--Taiwan’s government said it will allow the export of hundreds of strategic hi-tech goods to the mainland if exporters can prove that North Korea or Iran will not be their final destinations. 

--Retail sales in Australia declined in April when a gain had been expected.

--Go Poland! First quarter GDP grew 3.5% year over year as consumer demand remains strong in an economy that is less reliant on trade than some of its neighbors.

--In a good sign of a slowdown in Brazil, Mercedes-Benz, Latin America’s largest manufacturer of commercial vehicles, laid off more than 10% of its workforce in the country owing to a fall in demand for trucks and buses. 

--The U.S. Department of Agriculture is now forecasting that the U.S. wheat harvest will be one of the biggest in the past decade, owing to strong yields in Kansas and Oklahoma. It was just two weeks ago there were fears a drought in Russia could result in a repeat of 2010, but U.S. weather has been favorable and projected yield more than offsets any shortfalls in Russia and the rest of Europe. 

--Wall Street Journal: “Since 2009, the Obama administration has awarded more than $1 billion to American companies to make advanced batteries for electric vehicles. Halfway to a six-year goal of producing one million electric and plug-in hybrid vehicles, auto makers are barely at 50,000 cars.”

Less than a third of the jobs promised by 2015 have been created.

--Speaking of batteries, as reported by the South China Morning Post (Hong Kong), “A fatal road accident in Shenzhen at the weekend has raised concerns about the safety of electric cars developed on the mainland amid an ongoing central government push for them to be more widely used.

“At about 3am on Saturday, a speeding sports car rear-ended a BYD E6 electric taxi, causing the cab to catch fire, killing the driver and two passengers.”

The taxi and the occupants were incinerated.

“Lo Kok-keung, an engineer with the Department of Mechanical Engineering at Hong Kong Polytechnic University, said that a fully charged lithium battery could explode in a serious crash.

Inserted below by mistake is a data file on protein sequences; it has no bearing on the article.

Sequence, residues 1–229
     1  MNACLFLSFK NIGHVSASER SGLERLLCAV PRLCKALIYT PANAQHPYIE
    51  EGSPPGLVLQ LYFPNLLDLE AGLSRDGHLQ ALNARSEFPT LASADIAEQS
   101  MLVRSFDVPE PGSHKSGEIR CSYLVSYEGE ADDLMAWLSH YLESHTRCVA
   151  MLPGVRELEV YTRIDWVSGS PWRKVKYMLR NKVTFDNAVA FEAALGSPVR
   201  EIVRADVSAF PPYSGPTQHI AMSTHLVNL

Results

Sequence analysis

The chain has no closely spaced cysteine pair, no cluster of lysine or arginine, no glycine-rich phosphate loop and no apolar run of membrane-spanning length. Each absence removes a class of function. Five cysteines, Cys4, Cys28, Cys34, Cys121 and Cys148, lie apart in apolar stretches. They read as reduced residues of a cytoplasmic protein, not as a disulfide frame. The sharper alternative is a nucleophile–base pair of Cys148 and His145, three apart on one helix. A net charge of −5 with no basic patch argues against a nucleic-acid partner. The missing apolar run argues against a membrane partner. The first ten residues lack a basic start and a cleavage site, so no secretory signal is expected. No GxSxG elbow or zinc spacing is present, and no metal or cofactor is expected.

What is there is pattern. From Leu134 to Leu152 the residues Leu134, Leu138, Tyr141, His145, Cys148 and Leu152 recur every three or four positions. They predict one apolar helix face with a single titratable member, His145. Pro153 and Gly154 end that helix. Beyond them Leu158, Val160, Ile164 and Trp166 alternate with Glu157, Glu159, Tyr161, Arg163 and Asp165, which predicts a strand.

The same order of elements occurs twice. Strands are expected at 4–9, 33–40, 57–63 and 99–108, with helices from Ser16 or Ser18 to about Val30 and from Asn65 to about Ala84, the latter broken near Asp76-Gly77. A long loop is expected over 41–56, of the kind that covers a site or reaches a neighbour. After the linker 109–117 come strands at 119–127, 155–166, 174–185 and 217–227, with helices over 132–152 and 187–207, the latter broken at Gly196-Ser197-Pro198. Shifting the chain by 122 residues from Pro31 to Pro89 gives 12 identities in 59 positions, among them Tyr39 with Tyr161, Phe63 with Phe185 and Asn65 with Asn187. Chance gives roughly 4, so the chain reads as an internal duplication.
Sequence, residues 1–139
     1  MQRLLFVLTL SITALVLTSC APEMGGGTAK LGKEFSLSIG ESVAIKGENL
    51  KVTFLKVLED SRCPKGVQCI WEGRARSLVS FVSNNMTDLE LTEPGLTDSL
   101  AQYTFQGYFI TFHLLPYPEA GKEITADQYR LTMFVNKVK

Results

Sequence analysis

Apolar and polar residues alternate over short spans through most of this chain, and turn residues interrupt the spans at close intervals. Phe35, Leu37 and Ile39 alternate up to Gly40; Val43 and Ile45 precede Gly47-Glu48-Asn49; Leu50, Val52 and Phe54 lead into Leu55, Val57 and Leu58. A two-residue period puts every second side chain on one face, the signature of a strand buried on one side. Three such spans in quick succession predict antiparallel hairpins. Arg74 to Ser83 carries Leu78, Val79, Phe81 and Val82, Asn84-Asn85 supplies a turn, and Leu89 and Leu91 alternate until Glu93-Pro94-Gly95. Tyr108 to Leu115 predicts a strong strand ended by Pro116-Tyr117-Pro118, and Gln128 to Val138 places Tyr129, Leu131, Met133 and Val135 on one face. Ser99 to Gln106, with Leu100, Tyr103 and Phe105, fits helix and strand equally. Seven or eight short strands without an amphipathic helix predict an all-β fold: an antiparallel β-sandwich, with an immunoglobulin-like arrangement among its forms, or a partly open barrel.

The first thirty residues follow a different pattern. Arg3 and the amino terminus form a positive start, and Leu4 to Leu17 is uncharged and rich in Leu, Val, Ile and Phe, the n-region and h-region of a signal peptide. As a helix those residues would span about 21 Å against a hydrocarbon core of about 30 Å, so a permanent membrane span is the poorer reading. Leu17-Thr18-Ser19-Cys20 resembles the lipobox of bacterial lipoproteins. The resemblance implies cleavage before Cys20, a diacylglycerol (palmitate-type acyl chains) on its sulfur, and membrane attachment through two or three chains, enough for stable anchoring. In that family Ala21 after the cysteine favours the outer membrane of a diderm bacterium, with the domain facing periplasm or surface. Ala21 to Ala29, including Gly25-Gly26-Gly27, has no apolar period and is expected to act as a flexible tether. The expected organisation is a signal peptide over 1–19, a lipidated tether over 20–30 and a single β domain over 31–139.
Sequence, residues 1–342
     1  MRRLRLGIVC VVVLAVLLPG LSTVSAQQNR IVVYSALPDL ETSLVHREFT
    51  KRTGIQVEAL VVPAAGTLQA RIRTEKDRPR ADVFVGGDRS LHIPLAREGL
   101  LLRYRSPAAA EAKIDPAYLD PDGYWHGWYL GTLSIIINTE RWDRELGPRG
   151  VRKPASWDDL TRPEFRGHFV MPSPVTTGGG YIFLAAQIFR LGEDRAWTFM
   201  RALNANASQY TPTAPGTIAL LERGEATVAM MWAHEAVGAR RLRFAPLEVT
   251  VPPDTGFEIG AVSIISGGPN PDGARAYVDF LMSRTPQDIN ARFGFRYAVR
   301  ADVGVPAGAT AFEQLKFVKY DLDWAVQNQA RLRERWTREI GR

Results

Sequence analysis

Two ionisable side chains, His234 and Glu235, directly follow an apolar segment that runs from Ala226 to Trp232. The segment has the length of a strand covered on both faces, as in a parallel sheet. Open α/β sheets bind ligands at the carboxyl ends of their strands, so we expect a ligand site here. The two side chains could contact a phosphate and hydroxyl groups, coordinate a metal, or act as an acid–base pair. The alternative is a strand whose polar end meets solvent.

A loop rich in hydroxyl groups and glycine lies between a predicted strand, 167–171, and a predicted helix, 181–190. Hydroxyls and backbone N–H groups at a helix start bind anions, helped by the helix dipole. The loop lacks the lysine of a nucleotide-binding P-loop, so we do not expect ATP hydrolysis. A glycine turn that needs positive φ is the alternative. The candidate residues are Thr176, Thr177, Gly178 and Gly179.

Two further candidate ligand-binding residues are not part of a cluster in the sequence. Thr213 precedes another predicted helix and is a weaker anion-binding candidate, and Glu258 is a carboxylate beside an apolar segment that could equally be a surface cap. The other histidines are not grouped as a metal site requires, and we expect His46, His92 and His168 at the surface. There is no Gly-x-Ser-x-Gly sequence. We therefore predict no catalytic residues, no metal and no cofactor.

“ ‘The crash could result in a short circuit, which, in turn, could make the battery hot and eventually explode within a matter of seconds,’ Lo said. ‘This is the major hidden danger of electric cars that doesn’t exist in vehicles that consume petrol.’”

BYD has been the recipient of $hundreds of millions in support from the central government, while the government has offered $thousands in rebates for buyers.

Lo suggested that makers of electric cars install circuit breakers on each battery to help avoid future explosions in accidents.

--The Financial Times had a good piece on the state of the corporate bond market, as in liquidity has dried up, a real problem if you have large positions and need to exit quickly.

--BlackBerry manufacturer Research In Motion will be announcing up to 6,000 job cuts in the not too distant future as RIM now says it will be reporting an operating loss in the current quarter vs. expectations for a gain. The loss will be the first in eight years as RIM also said it hired two investment banks to pursue strategic options.   Among the company’s myriad problems is the expected delivery date of the new BlackBerry 10 smartphone…not until the fall at the earliest.

--In one of the largest law-firm failure in U.S. history, New York’s Dewey & LeBoeuf LLP filed for bankruptcy protection, the end for a 1,300-lawyer global behemoth. The Manhattan District Attorney’s Office launched a criminal investigation into activities at the heavily debt-laden firm. Dewey owes in excess of $300 million to more than 5,000 creditors.

--New York City Mayor Michael Bloomberg is seeking to implement the nation’s first ban on oversized cups/bottles of sugary drinks in restaurants, delis and sports arenas, and of course there was the usual outrage over another example of the mayor’s sought after “nanny” state. Bloomberg wants to ban cups larger than 16 ounces, but wouldn’t prevent one from getting two or three 16-ouncers. A statement from McDonald’s described the ban as “misguided.”

But the chances of his proposal being implemented are virtually nil, despite what most are saying to the contrary. One thing is clear, though. Americans could stand to drink less soda and sales of the product have indeed been sliding since 1998.

--Meanwhile, the American Heart Association announced plans to expand its “Heart-Check” food certification program from grocery stores to restaurant meals and the first beneficiary of the latter is Subway. As reported by Bruce Horovitz of USA TODAY, “Up to 42% of Subway’s food sales meet the heart group’s requirements that limit cholesterol, fat, saturated fat and sodium,” according to company officials.

--Scientists are startled that Pacific bluefin tuna migrating last year from waters off Japan to Southern California contain radioactive isotopes from the disabled Fukushima nuclear plant. Not to worry, however, as the levels are just one-tenth what the U.S. and Japan consider dangerous. But it was amazing how the traces of radioactive elements crossed such vast distances.